Title II requires covered entities, including public schools, to give “primary consideration” to the auxiliary aid or service requested by the student with the disability when determining what is appropriate for that student. 21

    If, after complying with the process described in Q&A 6, a public school district can prove that providing a particular auxiliary aid or service would be a fundamental alteration in the nature of a service, program, or activity, or be an undue financial and administrative burden, the school does not need to provide that auxiliary aid or service.  However, the school still has an obligation to provide, to the maximum extent possible, an effective auxiliary aid or service.22

    These concepts are discussed in greater detail below.

  2. What are examples of auxiliary aids and services for students with hearing, vision, and speech disabilities?

    Answer.  In general, auxiliary aids and services make aurally or visually delivered information available to students with hearing, vision, or speech disabilities so that they can receive information from, and convey information to, others as effectively as students without disabilities.

    Auxiliary aids and services include a wide range of services, devices, technologies, and methods for providing effective communication, as well as the acquisition or modification of equipment or devices.

    The Title II regulation lists examples of some, but not all, of these kinds of auxiliary aids and services.23  For a person who is deaf, deaf-blind, or hard of hearing, some examples of auxiliary aids and services are interpreters, note takers, exchange of written materials, real-time computer-aided transcription services (e.g., CART), assistive listening systems, accessible electronic and information technology, and open and closed captioning.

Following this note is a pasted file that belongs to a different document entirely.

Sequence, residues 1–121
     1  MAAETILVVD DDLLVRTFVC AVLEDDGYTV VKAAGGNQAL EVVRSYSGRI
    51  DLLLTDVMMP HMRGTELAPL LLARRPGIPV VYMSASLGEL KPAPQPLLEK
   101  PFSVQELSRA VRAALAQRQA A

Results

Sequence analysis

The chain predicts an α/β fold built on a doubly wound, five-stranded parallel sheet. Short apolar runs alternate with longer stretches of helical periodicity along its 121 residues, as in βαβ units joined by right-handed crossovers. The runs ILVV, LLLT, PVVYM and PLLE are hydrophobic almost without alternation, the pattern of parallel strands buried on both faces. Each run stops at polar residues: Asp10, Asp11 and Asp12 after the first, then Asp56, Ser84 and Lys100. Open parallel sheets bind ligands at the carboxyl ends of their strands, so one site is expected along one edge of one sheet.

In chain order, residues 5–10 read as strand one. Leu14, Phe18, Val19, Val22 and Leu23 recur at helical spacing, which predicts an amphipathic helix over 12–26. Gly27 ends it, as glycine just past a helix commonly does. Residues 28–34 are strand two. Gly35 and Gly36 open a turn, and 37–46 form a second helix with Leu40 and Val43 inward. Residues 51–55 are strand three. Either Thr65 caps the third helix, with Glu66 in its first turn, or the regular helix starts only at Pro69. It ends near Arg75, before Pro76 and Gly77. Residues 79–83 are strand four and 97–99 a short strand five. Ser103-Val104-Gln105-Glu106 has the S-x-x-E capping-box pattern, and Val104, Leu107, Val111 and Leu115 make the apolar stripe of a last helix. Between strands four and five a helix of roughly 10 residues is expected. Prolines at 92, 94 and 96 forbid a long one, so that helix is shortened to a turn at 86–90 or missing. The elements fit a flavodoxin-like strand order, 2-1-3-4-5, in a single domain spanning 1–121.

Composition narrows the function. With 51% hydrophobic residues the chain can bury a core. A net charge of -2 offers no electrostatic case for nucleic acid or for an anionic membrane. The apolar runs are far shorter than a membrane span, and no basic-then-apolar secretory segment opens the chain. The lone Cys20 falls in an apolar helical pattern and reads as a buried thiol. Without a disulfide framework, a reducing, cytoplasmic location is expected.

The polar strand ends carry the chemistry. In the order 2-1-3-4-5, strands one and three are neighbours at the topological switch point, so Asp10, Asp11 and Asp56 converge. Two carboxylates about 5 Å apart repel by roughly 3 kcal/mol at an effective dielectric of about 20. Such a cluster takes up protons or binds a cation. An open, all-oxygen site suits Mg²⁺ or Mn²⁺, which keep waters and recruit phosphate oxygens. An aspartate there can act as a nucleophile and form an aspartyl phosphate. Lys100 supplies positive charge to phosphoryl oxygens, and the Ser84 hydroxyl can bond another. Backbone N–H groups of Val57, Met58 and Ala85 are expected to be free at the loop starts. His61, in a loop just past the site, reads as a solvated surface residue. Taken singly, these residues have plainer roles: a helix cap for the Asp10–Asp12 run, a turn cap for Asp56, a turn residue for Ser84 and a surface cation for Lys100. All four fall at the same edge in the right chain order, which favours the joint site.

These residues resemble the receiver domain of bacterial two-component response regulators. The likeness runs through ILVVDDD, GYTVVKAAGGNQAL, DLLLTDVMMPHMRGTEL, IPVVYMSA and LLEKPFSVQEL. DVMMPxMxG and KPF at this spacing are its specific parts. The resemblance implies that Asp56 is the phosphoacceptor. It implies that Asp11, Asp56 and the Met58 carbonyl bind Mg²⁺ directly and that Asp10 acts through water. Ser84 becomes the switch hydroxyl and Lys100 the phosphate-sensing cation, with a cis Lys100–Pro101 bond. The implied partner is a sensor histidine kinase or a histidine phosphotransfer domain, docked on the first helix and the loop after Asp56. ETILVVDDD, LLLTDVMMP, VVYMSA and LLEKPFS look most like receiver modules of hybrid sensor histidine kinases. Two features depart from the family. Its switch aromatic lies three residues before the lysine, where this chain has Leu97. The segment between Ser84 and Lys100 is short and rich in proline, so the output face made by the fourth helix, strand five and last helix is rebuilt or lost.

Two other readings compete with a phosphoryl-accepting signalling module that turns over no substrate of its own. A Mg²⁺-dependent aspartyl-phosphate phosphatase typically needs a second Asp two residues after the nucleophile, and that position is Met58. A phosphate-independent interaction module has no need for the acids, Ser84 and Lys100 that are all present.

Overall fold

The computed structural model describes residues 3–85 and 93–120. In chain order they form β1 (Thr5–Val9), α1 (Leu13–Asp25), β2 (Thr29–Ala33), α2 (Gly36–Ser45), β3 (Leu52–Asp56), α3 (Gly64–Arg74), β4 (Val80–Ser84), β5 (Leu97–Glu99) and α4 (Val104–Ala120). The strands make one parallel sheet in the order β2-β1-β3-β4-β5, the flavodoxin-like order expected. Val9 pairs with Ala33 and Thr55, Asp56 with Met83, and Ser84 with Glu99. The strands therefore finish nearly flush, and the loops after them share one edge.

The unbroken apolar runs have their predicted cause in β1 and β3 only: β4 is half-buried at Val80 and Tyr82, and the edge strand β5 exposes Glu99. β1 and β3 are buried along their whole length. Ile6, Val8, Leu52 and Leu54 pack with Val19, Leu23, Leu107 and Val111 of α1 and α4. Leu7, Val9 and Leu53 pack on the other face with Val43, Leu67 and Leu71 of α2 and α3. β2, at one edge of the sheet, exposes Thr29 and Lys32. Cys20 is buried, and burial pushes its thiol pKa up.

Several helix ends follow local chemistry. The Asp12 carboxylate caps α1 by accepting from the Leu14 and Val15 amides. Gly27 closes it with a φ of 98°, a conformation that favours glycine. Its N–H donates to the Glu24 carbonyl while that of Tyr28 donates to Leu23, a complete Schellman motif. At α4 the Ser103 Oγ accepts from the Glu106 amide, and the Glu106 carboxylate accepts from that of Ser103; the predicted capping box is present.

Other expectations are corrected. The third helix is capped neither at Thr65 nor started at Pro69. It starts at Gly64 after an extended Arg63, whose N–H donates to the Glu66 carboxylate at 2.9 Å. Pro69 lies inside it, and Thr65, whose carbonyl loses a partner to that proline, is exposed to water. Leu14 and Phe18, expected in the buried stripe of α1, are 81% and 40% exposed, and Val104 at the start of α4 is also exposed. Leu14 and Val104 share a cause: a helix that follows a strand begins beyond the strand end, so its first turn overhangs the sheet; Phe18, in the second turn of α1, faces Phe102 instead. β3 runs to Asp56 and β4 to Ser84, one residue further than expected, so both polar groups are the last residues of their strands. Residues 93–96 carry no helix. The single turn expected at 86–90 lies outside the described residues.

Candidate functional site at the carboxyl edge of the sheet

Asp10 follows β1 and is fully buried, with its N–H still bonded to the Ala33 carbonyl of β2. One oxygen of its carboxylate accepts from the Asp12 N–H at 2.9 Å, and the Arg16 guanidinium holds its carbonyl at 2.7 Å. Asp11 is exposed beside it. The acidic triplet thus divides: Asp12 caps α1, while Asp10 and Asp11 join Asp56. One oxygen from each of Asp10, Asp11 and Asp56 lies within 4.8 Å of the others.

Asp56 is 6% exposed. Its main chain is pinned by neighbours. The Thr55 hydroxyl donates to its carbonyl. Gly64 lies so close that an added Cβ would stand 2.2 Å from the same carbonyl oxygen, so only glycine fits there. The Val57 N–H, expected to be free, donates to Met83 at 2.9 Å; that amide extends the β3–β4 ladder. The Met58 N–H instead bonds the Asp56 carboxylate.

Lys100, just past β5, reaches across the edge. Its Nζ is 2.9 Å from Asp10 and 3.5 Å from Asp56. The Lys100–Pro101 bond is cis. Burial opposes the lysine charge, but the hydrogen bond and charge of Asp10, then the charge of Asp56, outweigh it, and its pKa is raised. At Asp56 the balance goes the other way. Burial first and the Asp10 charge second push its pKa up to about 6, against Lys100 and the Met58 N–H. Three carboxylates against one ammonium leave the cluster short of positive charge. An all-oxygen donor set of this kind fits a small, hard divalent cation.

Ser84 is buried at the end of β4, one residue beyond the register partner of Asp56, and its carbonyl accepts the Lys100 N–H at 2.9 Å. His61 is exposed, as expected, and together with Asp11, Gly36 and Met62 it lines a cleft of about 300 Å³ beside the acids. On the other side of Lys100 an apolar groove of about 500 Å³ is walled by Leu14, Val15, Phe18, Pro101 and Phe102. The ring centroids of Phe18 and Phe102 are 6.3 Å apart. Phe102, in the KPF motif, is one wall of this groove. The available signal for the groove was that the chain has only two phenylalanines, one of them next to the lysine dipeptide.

Interpreters must be qualified.24  This means that the interpreter must be able to interpret both receptively (having the skill needed to understand what the person with a disability is saying) and expressively (having the skill needed to convey information to the person with a disability).  For example, an interpreter must be able to sign to the person who is deaf what is being said by the hearing person, and voice to the hearing person what is being signed by the person who is deaf.  This communication must be conveyed effectively, accurately, and impartially, using any appropriate specialized vocabulary.25  Thus, a teacher or other staff member who signs “pretty well” is not a qualified interpreter.  Being able to sign “pretty well” does not mean that a person can process spoken communication into proper signs; nor does it mean that he or she has the proper skills to observe the person signing and change the signed or finger-spelled communication into spoken words.26 

    For a person who is blind, deaf-blind, or has low vision, some examples of auxiliary aids and services are qualified readers, taped texts, audio recordings, Braille materials and displays, screen reader software, magnification software, optical readers, secondary auditory programs (SAP); large print materials; and accessible electronic and information technology.

    For a person with a speech disability, some examples of auxiliary aids or services are a word or letter board, writing materials, spelling to communicate, a qualified sign language interpreter, taped texts, a computer, a portable device that writes and/or produces speech, and telecommunications services.

    In general, the services, devices, technologies and methods for providing effective communication that are “auxiliary aids and services” under Title II could also be provided under the IDEA as part of FAPE.